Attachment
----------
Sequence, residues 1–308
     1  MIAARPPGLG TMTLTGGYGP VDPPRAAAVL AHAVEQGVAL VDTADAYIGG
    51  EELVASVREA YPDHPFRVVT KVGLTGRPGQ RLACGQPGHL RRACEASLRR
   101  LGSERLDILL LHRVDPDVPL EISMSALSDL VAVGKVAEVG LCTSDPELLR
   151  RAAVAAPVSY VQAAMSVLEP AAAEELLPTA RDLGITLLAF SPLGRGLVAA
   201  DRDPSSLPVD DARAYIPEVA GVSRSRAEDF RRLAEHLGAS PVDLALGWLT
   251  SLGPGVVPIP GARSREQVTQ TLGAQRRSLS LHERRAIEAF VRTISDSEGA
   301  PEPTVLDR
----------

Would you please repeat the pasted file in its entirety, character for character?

Sequence, residues 1–308
     1  MIAARPPGLG TMTLTGGYGP VDPPRAAAVL AHAVEQGVAL VDTADAYIGG
    51  EELVASVREA YPDHPFRVVT KVGLTGRPGQ RLACGQPGHL RRACEASLRR
   101  LGSERLDILL LHRVDPDVPL EISMSALSDL VAVGKVAEVG LCTSDPELLR
   151  RAAVAAPVSY VQAAMSVLEP AAAEELLPTA RDLGITLLAF SPLGRGLVAA
   201  DRDPSSLPVD DARAYIPEVA GVSRSRAEDF RRLAEHLGAS PVDLALGWLT
   251  SLGPGVVPIP GARSREQVTQ TLGAQRRSLS LHERRAIEAF VRTISDSEGA
   301  PEPTVLDR